Dr. Kevin Most: Substance Abuse and Opioid Addiction
David Feherty shared with us yesterday the passing of his son Shey from a drug overdose. It was Shey’s 29th birthday. The story highlights the growing epidemic we have in this country with substance abuse and more specifically opioid addiction. The family was well aware of the struggles Shey was having and were working with him on this addiction. His father David, a previous professional golfer and now a current Golf Chanel analyst has fought with alcohol and drug problems thru his life. He is very open about his fight with addiction and how sobriety has saved his life.
Recent studies have shown that over 2 million Americans are addicted to opiates and a multiple of that abuse them. For those of you unclear what drugs we are talking about, opiates include Tylenol #3, Norco, Fentanyl, Vicodin, Dilaudid are a few. These are highly addictive and the basis is from the opium plant and heroin. These drugs do have a legitimate use in medical care for severe pain, cancer patients and some other conditions. Recent years have seen a push for physicians to decrease the amount of opiates they prescribe and to start looking for alternatives to treat pain.
In 2016 more Americans died from drug overdoses than the total number of American deaths during the Vietnam war. Close to 150 Americans die each day from overdoses with the large majority due to opioids. Opiates cause the body to stop breathing and death occurs. We do have a great medication that reverses the effects of opiates called Narcan. In many areas of the country we are working to get narcan into the hands of first responders, police and paramedics. We are also looking at many states that will make this an over the counter medication so family members of addicts can have this life saving drug when needed.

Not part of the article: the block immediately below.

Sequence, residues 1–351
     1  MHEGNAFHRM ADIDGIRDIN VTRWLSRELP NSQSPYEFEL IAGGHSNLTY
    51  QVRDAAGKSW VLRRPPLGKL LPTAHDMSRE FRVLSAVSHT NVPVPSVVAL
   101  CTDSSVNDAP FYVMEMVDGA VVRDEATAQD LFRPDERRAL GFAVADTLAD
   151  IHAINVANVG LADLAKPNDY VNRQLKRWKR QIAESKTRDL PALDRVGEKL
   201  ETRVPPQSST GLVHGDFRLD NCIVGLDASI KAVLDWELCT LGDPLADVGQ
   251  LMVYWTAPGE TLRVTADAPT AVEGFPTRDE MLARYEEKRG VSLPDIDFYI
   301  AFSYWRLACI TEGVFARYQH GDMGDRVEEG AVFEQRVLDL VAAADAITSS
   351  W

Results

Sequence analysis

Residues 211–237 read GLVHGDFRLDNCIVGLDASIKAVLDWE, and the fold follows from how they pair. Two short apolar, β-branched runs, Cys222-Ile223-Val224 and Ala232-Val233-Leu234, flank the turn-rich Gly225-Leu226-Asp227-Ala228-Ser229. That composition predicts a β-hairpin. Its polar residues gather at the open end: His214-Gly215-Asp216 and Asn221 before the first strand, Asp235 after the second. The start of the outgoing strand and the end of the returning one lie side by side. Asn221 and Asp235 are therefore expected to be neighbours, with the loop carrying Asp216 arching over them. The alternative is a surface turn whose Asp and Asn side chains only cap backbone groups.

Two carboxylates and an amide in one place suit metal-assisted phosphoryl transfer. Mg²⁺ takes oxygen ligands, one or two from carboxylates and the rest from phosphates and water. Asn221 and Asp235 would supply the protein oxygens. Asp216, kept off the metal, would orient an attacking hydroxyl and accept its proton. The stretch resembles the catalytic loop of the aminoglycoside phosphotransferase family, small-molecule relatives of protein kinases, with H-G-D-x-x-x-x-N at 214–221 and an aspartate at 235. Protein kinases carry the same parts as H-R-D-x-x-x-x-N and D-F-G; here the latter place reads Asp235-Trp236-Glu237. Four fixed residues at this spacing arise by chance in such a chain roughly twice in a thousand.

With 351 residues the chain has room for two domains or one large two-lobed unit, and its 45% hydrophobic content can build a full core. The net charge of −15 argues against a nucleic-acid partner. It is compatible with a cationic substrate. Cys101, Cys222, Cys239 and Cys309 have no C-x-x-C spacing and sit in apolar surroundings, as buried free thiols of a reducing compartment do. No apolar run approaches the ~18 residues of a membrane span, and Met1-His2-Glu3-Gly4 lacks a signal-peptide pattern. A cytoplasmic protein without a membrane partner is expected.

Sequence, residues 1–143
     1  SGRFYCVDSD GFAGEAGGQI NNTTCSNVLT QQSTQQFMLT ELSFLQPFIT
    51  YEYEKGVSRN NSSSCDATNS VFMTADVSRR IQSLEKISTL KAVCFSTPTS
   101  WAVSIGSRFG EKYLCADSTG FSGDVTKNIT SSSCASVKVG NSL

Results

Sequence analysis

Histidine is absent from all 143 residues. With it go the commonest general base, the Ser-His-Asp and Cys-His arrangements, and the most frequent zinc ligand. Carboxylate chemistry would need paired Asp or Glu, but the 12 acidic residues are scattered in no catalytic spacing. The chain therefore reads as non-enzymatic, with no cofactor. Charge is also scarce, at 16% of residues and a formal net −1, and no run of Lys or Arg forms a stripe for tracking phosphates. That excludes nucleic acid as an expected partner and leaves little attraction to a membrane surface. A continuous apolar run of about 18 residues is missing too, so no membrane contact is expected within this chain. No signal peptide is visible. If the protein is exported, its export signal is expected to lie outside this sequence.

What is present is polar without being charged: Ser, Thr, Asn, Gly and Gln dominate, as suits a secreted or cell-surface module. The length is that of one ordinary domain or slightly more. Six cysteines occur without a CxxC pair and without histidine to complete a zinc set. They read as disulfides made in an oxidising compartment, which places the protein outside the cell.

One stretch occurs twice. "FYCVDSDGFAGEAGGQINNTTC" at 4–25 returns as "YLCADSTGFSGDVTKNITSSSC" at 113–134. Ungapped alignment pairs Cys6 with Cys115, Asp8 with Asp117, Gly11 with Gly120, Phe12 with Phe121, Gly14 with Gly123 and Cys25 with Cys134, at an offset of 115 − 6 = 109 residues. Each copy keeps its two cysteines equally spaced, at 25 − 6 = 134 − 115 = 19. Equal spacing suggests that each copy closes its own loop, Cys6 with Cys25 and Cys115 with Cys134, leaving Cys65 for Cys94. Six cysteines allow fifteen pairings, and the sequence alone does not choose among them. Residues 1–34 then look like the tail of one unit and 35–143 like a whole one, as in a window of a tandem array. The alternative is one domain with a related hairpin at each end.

It is interesting that we have heard over the past few days that we need a presidential push to call this an epidemic and put a war on this to stop or slow this problem as it has reached a point in some areas of the country where it is rampant. We need more treatment centers, we need more education, we need more first responders equipped with the supplies needed, we need to stop or slow the flow of drugs into this country and we need to stamp out the drug pusher pipeline. This fight will not be a single focus if it is to succeed
This is not just a inner city drug problem, this is being seen across the country in every demographic known.
One big message, if you have any narcotics “left over” from an old injury, get rid of them. This is a drug that is stolen from homes by friends, families, guests and thieves. Sophisticated youths are taking the meds and replacing them with other basic white pills so the theft is not noted.
I am sure we will spend more time on this issue as the president takes some steps to fight this condition.